ProShares Ultra S&P 500 Fund (SSO)—ProShares Ultra S&P Fund continues to act well, setting new recovery highs this week as the major indexes push higher and some secondary factors (like our Aggression Index, mentioned above) offer encouragement. In the near term, we’ll be very interested to see if the strength continues, because if it does, we could get a mini-blastoff signal: About 86% of S&P 500 stocks are north of their 50-day lines, and getting into the 90% to 92% area has historically correlated with higher prices down the road. (Note that our 90% Blastoff Indicator, which is more reliable, applies to the entire NYSE; that potential signal is a bit further off given the current reading is 80%, but getting north of 90% on the S&P would certainly be a bullish sign in and of itself.) Of course, we’re also not leaving our brain at the door here—our long-term Cabot Trend Lines are still bearish, and even after this upmove, the S&P is “only” back up to its lows from February/March. Should we see further positive evidence (especially a blastoff signal), we’ll not only go back to Buy but likely add a chunk of new shares in SSO—for now, though, we’re content to simply sit with our remaining position in this leveraged long fund and take it a day at a time. HOLD


Shockwave Medical (SWAV)—Shockwave Medical reported another fantastic quarter this week, crushing estimates and kicking the outlook much higher for this year and down the road. In Q3, sales again more than doubled (up 116%) while earnings of 68 cents per share were up from a loss a year ago and topped by 24 cents, with both coronary and peripheral business lines easily topping Wall Street’s estimates. The new round of analyst forecasts aren’t totally in yet, but Wall Street at this stage is looking for earnings of around $2.50 per share this year (up from $2-ish pre-report) and a 38% gain in 2023, but both of those figures are likely to prove conservative as many catalysts (Japan launch early next year, which should start slow but become a giant area for its coronary products in the long term; a ramp up in its China joint venture and new products should also goose growth down the road) come into play. SWAV had nosed above resistance in the 220 area before the report, and the action since then has been excellent, with a big gap up on Tuesday and some upside follow-through on Wednesday and today driving the stock to new price and relative performance peaks. Short term, we do think SWAV could pull in, so if you want to just hold what you have (or aim to nibble on dips), there’s nothing wrong with that. However, we’re focused on the larger picture, where Shockwave’s top-notch growth profile and chart action (resilience during the bear phase, moving to new highs soon after a market low) could lead to something meaningful if the market holds together. Thus, we’ll fill out our position here, using a stop for the combined position in the 205-210 zone. BUY ANOTHER HALF


Watch List

  • Celsius (CELH 103): CELH is the top name on our watch list right now, with superb numbers, a true mass market story and a recent deal with Pepsi that should keep business growing rapidly for a very long time to come. See more later in this issue.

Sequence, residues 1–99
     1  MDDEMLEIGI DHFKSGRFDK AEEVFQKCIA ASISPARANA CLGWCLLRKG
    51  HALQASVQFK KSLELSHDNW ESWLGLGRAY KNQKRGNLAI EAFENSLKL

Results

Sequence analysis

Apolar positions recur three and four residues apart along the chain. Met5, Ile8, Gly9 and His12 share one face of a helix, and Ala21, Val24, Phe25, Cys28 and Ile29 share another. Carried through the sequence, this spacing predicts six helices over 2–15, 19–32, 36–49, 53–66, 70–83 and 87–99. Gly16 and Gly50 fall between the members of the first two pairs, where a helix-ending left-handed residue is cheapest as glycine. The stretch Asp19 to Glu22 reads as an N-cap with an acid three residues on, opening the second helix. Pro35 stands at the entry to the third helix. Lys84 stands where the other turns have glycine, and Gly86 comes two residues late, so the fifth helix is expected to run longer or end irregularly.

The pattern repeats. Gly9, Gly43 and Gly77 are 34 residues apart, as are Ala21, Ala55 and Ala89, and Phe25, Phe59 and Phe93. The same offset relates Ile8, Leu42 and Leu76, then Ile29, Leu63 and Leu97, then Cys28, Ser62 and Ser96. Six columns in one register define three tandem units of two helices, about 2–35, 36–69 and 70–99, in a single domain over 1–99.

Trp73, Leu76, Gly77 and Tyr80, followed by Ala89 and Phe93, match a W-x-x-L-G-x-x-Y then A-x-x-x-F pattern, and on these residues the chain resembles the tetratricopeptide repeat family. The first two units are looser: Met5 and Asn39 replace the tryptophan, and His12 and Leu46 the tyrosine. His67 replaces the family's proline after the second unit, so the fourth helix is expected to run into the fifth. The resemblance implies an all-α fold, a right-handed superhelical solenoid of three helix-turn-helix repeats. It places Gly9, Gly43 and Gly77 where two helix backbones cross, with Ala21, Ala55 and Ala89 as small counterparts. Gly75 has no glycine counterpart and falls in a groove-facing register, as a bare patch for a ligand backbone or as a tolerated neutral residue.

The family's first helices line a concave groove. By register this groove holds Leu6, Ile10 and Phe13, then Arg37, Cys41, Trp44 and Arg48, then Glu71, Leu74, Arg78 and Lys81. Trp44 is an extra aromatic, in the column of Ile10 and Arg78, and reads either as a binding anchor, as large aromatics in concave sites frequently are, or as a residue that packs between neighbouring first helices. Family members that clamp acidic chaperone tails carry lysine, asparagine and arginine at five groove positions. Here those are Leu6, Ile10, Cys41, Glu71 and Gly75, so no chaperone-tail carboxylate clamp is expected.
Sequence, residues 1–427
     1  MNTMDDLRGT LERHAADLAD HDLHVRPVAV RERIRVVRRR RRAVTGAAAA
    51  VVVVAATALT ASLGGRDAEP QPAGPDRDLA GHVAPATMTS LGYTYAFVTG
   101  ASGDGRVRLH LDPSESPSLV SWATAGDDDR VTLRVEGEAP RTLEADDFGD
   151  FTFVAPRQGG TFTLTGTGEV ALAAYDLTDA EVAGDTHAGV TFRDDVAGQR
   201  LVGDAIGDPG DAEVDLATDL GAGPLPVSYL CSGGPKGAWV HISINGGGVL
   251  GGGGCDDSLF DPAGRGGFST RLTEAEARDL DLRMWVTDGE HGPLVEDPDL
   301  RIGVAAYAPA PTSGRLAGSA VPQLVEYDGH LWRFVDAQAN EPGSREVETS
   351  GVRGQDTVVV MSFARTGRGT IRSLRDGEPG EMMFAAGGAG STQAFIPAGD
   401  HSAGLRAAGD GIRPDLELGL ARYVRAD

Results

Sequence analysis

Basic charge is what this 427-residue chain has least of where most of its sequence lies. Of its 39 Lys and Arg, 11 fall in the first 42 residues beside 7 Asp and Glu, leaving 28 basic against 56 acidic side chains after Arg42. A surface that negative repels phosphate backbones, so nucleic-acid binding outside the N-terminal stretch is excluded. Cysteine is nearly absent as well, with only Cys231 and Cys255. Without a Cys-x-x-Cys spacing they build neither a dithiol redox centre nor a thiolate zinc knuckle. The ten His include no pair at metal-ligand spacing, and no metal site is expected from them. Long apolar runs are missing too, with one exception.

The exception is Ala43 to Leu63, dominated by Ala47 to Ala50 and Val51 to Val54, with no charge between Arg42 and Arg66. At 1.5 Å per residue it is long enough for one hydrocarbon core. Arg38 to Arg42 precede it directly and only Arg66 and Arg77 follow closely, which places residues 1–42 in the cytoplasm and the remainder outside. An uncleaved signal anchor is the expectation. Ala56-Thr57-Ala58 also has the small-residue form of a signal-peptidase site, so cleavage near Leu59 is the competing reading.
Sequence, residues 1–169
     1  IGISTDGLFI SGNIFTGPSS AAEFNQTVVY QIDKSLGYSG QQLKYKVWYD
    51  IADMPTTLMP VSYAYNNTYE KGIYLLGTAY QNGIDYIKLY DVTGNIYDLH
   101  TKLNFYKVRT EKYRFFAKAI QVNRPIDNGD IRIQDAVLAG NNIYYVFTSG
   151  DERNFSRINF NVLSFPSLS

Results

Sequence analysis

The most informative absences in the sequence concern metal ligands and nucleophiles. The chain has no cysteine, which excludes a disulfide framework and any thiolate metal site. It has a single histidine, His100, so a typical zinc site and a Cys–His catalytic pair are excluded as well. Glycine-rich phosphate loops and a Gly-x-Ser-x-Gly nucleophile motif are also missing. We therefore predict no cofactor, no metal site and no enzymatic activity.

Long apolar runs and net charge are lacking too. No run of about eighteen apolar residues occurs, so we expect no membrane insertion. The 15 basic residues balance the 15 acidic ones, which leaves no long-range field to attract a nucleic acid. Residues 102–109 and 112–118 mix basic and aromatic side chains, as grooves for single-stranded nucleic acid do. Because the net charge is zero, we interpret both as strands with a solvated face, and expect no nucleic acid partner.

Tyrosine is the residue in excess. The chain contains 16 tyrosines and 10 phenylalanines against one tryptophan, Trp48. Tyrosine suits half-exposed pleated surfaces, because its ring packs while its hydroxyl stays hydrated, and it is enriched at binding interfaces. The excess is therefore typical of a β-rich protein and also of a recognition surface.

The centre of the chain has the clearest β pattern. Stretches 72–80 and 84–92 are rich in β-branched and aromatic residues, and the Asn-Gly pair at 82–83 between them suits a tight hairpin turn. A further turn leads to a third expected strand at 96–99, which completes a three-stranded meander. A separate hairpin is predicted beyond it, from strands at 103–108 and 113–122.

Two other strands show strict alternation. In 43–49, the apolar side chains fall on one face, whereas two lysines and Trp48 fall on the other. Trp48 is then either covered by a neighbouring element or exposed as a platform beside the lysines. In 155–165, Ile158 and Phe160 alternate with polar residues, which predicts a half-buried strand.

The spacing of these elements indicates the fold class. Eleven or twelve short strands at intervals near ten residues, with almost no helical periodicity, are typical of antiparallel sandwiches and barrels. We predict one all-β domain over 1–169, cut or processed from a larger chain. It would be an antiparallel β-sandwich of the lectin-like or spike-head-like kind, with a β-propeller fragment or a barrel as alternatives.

• CrowdStrike (CRWD 198): CRWD doesn’t have the perfect chart, but it continues to show relative strength and has a story and set of numbers that’s hard to match. We think it can be a magnet for institutional money if growth stocks truly kick into gear.
  • Duolingo (DUOL 104): DUOL had a very solid Q2, though the stock remains choppy around the century mark. A big breakout could kick off a sustained advance.
  • Gitlab (GTLB 69): GTLB is setting itself up as something of a bullet supplier to the software wars, with the platform of choice to help mid- and large-sized companies quickly and efficiently build their own software products for customers and employees. See more below.
  • Pure Storage (PSTG 30): PSTG is still gliding higher, enjoying a persistent advance since early July as the sellers appear worn out. The chart still needs some work, but we think the next major move should be up.
  • Uber (UBER 32): We write about UBER later in this issue—it’s not quite set up yet, but the still-solid growth figures and the raw power off the low on earnings has us keeping an eye on it. Not that it’s going to be

Other Stocks of Interest
GitLab (GTLB 69)—GitLab is a small company that smells like it’s going to be a lot bigger in the years ahead—something that has an emerging blue-chip feel to it. The attraction here is that, as more and more of the world is being run by software—basically every mid- to large-sized company has their own group that’s producing consumer- and employee-facing software—GitLab’s has positioned itself as the top platform helping these development and operations teams quickly and efficiently produce new offerings. It’s a huge and growing market: The top brass sees a $40 billion opportunity as big firms move from narrow and do-it-yourself solutions (juggling tons of different tools and integrations—GitLab calls this the digital duct tape problem) to all-in-one platforms, and GitLab thinks it’s the only platform that brings together all the aspects of the two teams (plan, create, verify, secure, release, etc.) in one place, with one interface, one set of reports and one place for everyone to contribute. Firms from a wide variety of industries are customers (Siemens, UBS, T-Mobile, Equinix, Ticketmaster, Iron Mountain, Nvidia, Vistaprint, etc.); it ended May with 5,168 clients that produce at least some revenue, up a whopping 64% from a year ago, while growth in big customers (those that produce six-figures in revenue for GitLab) was even faster, up 68%—and all of them are buying a ton more of GitLab’s offerings, with same-customer revenue growth regularly north of 30%! The combination has produced accelerating top-line growth (up 58%, 69% and 75% the past three quarters), and while that may slow some, 35% to 60% growth is likely for a long time to come. The bottom line is still in the red, but losses are steadily shrinking and the focus here is on the opportunity ahead. As for the stock, GTLB bottomed back in March with out-of-this-world volume support after earnings, with the retest in May holding—and shares have actually been trending higher since then, holding north of its 50-day line for about a month and a half. Like most everything, the chart still has barriers to overcome, but the story, numbers and (increasingly the) chart suggest this could be a new leader. GitLab is on our watch list.